Monday, October 18, 2010

"Scientific" Racism 2.0

While the eugenics morons doing "evolutionary" psychology are busy finding ways to explain away social injustice with pseudo-arguments about genetic determination of social hierarchies... the ostensibly more progressive (and, typically, more empirically sound) discipline of sociology is seeing a resurgence of racist "culture of poverty" ideas.

Switching gears to more respectable sociological research programs, I don't happen to think that the sociology of knowledge is complete. That is, I don't think it is able to give a full account of it's own conditions of possibility, or of the extent to which it also produces knowledge of the social determinants of what's already recognized as knowledge, etc. But it's pretty damned useful for politics, and the above is a case in point. That is, we should be asking the following sorts of questions about the "culture of poverty" ideology: whose interests are served by it? What is the functional role of this ideology in maintaining and stabilizing existing hierarchies and inequalities? In what institutional and political context did this ideology develop? What political or historical shifts are to explain its decline and subsequent reemergence?

There is no place for the disinterested, neutral gaze of natural science in the discussion of the "culture of poverty" ideas. They've been refuted several times over. Their genetic properties, so to speak, (i.e. their lineage, where they emerged from historically) are damning, as the article above makes clear. So to present these ideas as possible contenders among other neutral ways of making sense of deep social inequalities is already to do something ethically and politically suspect.

The fact is that in the face of the continuing oppression of non-white peoples, the idea of a "culture of poverty" is a convenient way of blaming the victims and tabling demands for justice. It says, in effect, that there is no racism, no oppression, no unequal relations of power, no historic injustice: only "pathological" groups who have a faulty culture, who need to "pull their pants up" and "act white". That's got to be music to the ears of conservative, white suburbanites. But any critical program would take that fact as grounds to reject the ideology entirely.


-sf said...

Can there really be neutral ways of making sense of deep social inequities? I mean if one studies something so politically charged as social inequity, how can one approach the causes and effects objectively? People on the right would levy the same criticism about the entire field of Women's Studies and other sociology sub-specializations that you do about culture of poverty theories: that their acceptance in "radical" leftist circles is grounds to reject the ideology entirely. This is the essence of David Horowitz's (the American former New-Leftist, not the British JPost editor) academic freedom argument: that these fields were from their inception politically motivated, and thus have no place in serious scientific (i.e. neutral) scholarship. In fact the field of Sociology serves little purpose other than to indoctrinate naive liberal arts students into a radical leftist world view (or so says Horowitz).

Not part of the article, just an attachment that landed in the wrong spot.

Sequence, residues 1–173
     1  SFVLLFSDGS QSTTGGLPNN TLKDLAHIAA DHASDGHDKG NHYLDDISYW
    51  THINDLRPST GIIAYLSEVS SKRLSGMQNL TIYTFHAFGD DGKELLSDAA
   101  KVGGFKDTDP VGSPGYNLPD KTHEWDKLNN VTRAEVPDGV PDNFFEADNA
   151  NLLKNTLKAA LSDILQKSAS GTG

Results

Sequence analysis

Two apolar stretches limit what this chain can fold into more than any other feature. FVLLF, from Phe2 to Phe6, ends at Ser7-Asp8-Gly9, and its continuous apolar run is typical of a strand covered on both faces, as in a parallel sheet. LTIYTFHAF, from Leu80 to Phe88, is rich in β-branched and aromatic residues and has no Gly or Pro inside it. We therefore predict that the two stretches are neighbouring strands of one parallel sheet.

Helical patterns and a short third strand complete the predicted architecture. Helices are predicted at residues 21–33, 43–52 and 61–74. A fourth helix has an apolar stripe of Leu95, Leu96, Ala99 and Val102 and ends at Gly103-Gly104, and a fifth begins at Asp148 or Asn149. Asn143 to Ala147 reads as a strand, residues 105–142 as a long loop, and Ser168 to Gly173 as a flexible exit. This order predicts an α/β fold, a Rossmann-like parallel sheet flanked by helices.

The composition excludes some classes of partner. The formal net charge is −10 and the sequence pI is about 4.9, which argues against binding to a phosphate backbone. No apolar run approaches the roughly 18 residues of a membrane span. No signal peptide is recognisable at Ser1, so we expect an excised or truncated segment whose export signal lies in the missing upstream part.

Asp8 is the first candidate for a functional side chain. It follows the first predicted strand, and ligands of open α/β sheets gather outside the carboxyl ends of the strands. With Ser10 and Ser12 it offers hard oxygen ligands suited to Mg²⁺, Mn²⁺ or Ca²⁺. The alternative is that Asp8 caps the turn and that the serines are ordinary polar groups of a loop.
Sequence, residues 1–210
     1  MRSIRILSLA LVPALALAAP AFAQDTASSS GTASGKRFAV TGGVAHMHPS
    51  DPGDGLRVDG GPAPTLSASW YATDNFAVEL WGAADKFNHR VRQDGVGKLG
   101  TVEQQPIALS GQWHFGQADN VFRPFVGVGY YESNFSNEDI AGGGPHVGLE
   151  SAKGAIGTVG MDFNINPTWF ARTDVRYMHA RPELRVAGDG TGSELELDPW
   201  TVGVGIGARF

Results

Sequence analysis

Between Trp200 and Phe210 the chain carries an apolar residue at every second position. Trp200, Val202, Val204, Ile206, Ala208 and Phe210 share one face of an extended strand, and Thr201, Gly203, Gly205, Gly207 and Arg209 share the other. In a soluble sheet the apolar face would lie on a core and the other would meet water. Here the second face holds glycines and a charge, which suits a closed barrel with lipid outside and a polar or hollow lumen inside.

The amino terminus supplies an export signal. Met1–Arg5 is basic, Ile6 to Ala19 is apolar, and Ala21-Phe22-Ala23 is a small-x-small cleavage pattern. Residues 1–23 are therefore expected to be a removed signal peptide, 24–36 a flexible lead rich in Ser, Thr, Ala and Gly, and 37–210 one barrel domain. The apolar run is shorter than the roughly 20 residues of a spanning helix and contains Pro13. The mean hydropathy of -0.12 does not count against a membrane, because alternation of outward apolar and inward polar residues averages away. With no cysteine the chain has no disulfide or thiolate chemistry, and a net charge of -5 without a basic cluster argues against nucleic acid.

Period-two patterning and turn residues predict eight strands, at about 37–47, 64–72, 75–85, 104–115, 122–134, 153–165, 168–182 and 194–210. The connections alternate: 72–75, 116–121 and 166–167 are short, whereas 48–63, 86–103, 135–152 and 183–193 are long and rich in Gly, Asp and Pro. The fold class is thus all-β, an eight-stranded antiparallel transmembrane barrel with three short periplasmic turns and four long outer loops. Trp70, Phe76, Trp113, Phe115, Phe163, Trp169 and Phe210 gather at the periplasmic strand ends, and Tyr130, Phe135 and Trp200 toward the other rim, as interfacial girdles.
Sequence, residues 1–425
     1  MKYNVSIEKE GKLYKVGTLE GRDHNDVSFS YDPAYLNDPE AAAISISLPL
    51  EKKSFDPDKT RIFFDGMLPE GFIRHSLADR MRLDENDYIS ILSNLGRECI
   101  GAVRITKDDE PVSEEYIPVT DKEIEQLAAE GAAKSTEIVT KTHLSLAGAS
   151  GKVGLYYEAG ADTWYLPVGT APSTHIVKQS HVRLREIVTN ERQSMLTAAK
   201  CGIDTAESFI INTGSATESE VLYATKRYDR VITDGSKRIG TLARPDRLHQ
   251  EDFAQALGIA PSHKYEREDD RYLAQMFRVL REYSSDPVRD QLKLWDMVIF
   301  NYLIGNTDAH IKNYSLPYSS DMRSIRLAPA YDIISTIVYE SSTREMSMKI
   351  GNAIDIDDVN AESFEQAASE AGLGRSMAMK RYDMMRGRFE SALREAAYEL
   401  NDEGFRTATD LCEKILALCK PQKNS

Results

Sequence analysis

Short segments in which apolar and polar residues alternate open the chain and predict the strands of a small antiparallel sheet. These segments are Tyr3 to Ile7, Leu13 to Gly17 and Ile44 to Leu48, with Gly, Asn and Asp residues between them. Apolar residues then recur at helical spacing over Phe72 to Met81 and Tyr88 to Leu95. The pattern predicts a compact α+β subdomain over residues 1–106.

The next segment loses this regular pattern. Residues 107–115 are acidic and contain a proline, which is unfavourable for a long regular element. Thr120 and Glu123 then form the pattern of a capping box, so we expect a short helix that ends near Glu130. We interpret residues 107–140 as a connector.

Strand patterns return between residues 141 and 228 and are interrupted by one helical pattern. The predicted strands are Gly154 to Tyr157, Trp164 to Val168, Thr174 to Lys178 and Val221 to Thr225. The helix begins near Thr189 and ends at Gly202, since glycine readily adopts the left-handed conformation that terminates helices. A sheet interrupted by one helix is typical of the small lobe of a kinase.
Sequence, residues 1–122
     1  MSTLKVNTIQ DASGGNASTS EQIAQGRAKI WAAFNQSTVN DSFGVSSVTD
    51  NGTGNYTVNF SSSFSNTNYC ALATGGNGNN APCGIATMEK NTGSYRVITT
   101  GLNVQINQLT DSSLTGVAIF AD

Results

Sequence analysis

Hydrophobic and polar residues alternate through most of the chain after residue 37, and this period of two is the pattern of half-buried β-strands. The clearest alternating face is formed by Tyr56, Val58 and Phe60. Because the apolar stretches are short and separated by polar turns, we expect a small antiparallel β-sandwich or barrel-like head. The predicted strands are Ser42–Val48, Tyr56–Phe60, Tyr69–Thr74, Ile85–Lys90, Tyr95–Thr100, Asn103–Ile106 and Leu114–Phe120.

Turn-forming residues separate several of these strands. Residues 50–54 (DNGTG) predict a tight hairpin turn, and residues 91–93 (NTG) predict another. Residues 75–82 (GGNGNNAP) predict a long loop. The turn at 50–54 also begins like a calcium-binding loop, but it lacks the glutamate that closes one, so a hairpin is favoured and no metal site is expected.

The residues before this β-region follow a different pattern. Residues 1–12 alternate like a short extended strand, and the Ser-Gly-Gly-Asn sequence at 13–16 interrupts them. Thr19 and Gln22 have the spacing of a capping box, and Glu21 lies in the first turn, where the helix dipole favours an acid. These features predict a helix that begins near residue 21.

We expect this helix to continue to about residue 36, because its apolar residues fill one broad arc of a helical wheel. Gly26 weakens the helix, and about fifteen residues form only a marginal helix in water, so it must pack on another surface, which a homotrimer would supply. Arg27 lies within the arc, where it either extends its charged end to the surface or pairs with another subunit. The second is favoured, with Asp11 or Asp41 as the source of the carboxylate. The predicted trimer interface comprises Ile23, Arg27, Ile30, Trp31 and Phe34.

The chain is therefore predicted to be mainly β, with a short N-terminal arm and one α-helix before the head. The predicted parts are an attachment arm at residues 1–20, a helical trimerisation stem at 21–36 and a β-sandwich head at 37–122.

I certainly don't think that Sociology as a field is unworthy of pursuit, or that it doesn't have profound policy implications. I do, however, accept that any sociological arguments are colored by the author's political perspective, and should be understood in that context.

-sf said...

Slightly related:

Times did a couple of pieces in the Stone on altruism recently (I'm sure you've read them). This is reminiscent of the discussion we had on this blog about scientific theories of social behavior and how, as I argued, the conclusions can be challenging to both oppressive and liberating paradigms and narratives. The bit about altruism is interesting because no one points out one obvious (at least to me) conclusion: that the capitalist paradigm of selfish humanity being the primary barrier to communal societies is incomplete at best.

t said...

I'm in agreement that such matters shouldn't be discussed in a way that purports to be neutral. That was the argument of the post. So I don't see how the David Horowitz complaint that sociology is "political" is in any way similar to what I wrote in the post. My whole point was that we shouldn't approach the "culture of poverty" argument with a neutral, disinterested gaze (as it's proponents, suspiciously, suggest we should)... hence the series of questions about its functional role, etc.

I don't think the question of the politics of social science should be in the first instance understood in terms of the individual author's ideas. I think instead a more fruitful, critical approach would examine the historical origins of the formation of social theories, the social and political function of the theories, the ways of thinking about action afforded to agents by the theories, the extent to which the theories brushed against the grain of the status quo, etc.